Career Management: 6 Tips for Creating a Resume That Doesn’t Scream, “I’m Over 50!”
Guest: Kathy Keshemberg, NCRW, CCMC
Many of us are embarking on the next phase of our career, having been with the same company for 20+ years, and ready to try something new. But, how do we design a resume that won’t scream “I’m over 50!!”? Here are some tips that might help.
Refrain from omitting omit dates. Excluding graduation dates and/or dates of early positions so that your age cannot be calculated is an outdated strategy. Without graduation dates the reader may assume you are older than you really are. And, if you are invited for an interview, your reputation could be damaged for not being forthright once it is discovered that you attempted to shave 20 years off your age. Save everyone time and include dates of your entire career history and educational background. The truth will come out eventually and if the company discriminates against older workers, then you don’t want to work there anyway!
Don’t emphasize your tenure in the work force. Beginning your opening summary with “25 years of experience” is not a good strategy. Instead, talk about recent experience. For example, if you’ve been on a relevant project that relates to the position you are seeking for the past 10 years, focus on that time span instead of your entire career. Or simply don’t mention the number of years of experience, and focus on your value proposition instead. What is it that differentiates you from the competition? Those qualities will grab the reader’s attention more quickly than the number of years you’ve been working.
Highlight recent experience. The “weight” of your resume should be on experience gained in the past 10-15 years. Anything before that should be condensed. For example, if you have worked for Coca Cola from 1989-Present, you might want to include complete information about more recent positions and end with a statement such as “early career positions included Regional Sales Manager (1992-1995) and District Manager (1989-1992).” Or, if your first positions were with other companies, include a section entitled “Additional Experience” and simply list the company, job title, and dates. You are being transparent by providing a complete history, but not cluttering your resume with details that aren’t supporting your candidacy.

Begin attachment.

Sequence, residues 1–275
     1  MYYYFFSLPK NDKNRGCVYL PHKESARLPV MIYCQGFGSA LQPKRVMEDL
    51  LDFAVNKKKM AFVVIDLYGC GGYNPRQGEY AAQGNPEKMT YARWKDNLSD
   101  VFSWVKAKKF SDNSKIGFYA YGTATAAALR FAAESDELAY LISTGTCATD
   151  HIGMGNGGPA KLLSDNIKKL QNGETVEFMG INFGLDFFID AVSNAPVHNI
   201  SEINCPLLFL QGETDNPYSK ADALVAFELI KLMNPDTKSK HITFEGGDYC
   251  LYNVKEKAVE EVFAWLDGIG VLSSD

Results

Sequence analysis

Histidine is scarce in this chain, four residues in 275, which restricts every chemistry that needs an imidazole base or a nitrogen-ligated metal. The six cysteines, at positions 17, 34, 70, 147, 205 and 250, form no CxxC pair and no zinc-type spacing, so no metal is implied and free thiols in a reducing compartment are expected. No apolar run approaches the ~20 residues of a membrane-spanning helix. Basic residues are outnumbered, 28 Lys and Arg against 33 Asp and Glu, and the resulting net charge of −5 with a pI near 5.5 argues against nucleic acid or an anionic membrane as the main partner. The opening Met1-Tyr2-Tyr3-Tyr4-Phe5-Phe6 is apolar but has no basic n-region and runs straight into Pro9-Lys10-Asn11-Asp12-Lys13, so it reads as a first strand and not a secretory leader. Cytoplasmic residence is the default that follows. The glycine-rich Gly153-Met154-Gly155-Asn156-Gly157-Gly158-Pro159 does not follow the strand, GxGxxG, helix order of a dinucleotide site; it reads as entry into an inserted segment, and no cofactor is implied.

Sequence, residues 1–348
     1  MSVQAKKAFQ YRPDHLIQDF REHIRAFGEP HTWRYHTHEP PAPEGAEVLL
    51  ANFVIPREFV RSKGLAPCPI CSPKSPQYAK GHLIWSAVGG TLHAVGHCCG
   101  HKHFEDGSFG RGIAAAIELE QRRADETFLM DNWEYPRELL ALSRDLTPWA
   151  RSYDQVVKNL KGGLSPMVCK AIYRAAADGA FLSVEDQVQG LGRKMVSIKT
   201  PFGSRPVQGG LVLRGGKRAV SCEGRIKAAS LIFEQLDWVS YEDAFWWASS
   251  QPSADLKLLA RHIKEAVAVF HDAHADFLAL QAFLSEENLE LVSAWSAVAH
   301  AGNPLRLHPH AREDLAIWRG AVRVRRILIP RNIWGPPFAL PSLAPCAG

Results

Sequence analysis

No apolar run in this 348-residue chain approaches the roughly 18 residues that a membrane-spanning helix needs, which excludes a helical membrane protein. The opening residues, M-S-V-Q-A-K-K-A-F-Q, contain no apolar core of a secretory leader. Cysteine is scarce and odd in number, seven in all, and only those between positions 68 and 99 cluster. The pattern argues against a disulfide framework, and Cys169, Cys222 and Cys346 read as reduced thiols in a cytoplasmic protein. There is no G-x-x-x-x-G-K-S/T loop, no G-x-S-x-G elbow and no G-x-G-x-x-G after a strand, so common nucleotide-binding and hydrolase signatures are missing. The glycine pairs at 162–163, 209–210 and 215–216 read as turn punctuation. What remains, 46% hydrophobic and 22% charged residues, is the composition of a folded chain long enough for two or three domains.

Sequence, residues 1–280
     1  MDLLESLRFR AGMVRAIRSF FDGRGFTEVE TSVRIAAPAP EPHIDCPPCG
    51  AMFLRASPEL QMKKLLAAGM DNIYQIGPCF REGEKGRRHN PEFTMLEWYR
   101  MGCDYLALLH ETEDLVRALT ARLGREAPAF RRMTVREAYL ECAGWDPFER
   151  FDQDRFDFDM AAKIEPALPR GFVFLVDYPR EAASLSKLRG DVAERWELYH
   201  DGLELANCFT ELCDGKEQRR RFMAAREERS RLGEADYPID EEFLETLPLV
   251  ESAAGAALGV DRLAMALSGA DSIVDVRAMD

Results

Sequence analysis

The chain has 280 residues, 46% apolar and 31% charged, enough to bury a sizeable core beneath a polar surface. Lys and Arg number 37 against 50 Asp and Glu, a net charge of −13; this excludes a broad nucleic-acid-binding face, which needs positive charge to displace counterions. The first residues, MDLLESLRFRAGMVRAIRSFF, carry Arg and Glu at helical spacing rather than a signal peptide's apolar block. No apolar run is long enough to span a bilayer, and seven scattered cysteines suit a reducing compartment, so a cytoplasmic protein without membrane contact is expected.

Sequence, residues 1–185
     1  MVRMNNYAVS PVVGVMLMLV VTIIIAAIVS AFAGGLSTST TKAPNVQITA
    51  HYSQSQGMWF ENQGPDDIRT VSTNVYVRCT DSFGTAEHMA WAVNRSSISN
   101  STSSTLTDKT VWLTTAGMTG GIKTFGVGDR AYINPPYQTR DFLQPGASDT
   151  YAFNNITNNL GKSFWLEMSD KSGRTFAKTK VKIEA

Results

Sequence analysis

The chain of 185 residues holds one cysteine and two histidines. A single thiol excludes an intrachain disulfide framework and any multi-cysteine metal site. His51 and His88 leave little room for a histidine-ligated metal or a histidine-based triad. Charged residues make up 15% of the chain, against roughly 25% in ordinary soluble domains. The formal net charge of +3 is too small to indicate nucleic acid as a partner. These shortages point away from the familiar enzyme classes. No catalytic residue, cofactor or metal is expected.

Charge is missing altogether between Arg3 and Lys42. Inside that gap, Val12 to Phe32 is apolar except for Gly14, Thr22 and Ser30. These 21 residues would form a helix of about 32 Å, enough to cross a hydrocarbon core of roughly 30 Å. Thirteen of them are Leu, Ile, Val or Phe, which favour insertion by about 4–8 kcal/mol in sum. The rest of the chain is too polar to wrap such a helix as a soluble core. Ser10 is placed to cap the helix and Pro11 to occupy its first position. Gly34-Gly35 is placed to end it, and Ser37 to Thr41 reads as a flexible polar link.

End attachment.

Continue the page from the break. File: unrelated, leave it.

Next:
Don’t use an outdated format. Show that you are current by formatting your resume to today’s standards. Select a tasteful, easy-to-read font (Arial Narrow, Calibri, or Tahoma are my favorites), don’t underline text but use graphic lines instead, and utilize full margin width (no section headings and dates taking up the left margin). Peruse samples on websites of professional resume writers to get a better idea of how we are formatting resumes these days.
Get rid of obsolete statements. Nothing will age you more quickly than the “References Available upon Request” line. Of course you’ll supply references if asked! Chances are, though, you’ve been checked out on Google and LinkedIn before being invited for an interview, so the recipient of your resume already knows what others are saying about you. Also watch out for phrases such as “responsible for” and “duties included” as they are outdated and a waste of space – use action verbs instead.
Include hobbies that show you are active. Typically I don’t recommend listing hobbies, but if you are an avid runner or skier or active in sports, use these facts to demonstrate that you are in good shape and taking care of yourself. This information will also indicate you are competitive which in some professions is a valuable trait.
With a good design and solid information your resume will “sell” you as the ideal candidate and land you an interview invite … no matter what your age!
Have you got a resume success tip for flying through the “age-ometer”? We’d love to hear it!
For more than two decades, Kathy Keshemberg, NCRW, CCMC and her team at A Career Advantage have been providing professionals with world-class resume consultation and writing, career coaching and personal branding services. Learn more at www.acareeradvantage.com